As shortages worsen, safe drinking water and affordable sanitation is recognised by the United Nations as a human right
For many, water scarcity is a problem in the post. By 2025, one in every two people on the planet will live with water stress.
For one in nine, the problem is already here. The World Health Organization estimates 844 million people lack basic drinking water; some two billion use a source contaminated with faeces.
International attention has not translated into what is required – thoughtful, sustainable investments
In response, the United Nations made water and sanitation a matter of human rights, declared and defined, in 2010.
Human right to water put centre stage
Justly, if belatedly, the human right to water has therefore been shoved into the spotlight on the global stage. As the climate change drama unfolds, however, gaps between awareness and action persist, says World Resources Institute analyst Samantha Kuzma.
“The UN officially recognises equitable, safe drinking water and affordable sanitation as human rights, and the Sustainable Development Goals (SDGs) ambitiously challenge us to provide this right to all,” she says. “Yet international attention has not translated into what is required – thoughtful, sustainable investments.”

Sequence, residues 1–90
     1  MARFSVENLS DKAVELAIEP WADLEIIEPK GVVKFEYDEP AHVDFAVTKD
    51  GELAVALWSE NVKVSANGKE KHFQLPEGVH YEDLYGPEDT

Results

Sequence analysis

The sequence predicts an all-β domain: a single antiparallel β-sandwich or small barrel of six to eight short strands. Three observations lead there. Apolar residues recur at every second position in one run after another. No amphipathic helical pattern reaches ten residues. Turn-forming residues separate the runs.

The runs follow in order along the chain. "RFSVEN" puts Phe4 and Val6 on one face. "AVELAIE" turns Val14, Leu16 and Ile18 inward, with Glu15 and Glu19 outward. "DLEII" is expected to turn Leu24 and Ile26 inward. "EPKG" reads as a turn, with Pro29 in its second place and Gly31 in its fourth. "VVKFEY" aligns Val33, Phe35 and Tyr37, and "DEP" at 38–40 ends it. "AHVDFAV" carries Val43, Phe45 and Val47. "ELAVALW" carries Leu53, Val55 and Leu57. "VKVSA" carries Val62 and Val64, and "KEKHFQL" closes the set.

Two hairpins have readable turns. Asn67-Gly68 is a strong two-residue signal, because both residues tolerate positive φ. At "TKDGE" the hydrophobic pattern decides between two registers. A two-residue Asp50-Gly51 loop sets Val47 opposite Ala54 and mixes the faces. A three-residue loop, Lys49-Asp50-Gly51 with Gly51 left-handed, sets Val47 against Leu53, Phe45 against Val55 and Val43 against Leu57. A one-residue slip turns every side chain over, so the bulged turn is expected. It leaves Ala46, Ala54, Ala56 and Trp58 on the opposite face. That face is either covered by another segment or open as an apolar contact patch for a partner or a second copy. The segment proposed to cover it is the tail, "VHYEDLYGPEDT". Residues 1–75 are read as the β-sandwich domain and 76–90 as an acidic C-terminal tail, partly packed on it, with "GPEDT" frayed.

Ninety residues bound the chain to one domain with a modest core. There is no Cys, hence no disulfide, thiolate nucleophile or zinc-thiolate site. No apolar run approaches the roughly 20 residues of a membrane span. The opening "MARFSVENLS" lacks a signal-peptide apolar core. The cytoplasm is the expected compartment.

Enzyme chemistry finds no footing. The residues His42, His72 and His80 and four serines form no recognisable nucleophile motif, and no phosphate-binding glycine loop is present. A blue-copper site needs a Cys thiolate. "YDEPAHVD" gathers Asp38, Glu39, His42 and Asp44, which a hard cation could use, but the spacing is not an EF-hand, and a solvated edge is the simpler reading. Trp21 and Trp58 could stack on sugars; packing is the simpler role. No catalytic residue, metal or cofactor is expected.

Numbers are huge and shortfalls significant. A 2016 World Bank study estimated annual costs of providing water, sanitation and hygiene (WASH) services to SDG standards could reach $114 billion, three times current investment levels.
Urgency unabated, the UN continues upping the ante, declaring 2018 to 2028 an international decade for action on water.
Boosting human rights requires action not just talk
Making pledges, though, is one thing, delivering on them often another. So, whose responsibility is it to fulfil this promise of the human right to water? Does it fall to governments, the private sector or maybe transnational partnerships?
Water is a team game, albeit a political one, says Ms Kuzma. “The first step is establishing political will to make change happen,” she says. “Pressure must come from all – investors and financial institutions, diplomats, private companies, and citizens – both impacted and not.”
Big as the challenge may seem, success can be bigger. Following devastating famine in the 1980s, the Tigray region of northern Ethiopia invested heavily in grey and green infrastructure to provide almost 30,000 people with clean water. Irrigated land now totals one thousand times the area in the mid-1990s and Tigray, once the poorest region of Ethiopia, has been self-sufficient in food production since 2007.
Rwanda is in turnaround too, transformed since the dark days of brutal civil war. Now almost three in five people have clean water and two thirds of the population a decent toilet.
Two threats to water access: infrastructure and resources
Essentially, water challenges fall into two categories, explains Richard Munang, Africa regional climate change co-ordinator with the United Nations Environment Programme. “First are water infrastructure challenges, where the key issue is an inability to harness and distribute water from its sources,” says Dr Munang. “Second are water resource problems, where dwindling surface and subsurface sources are the issue. From the climate change perspective, our main focus is on water resource trends, especially in Africa.”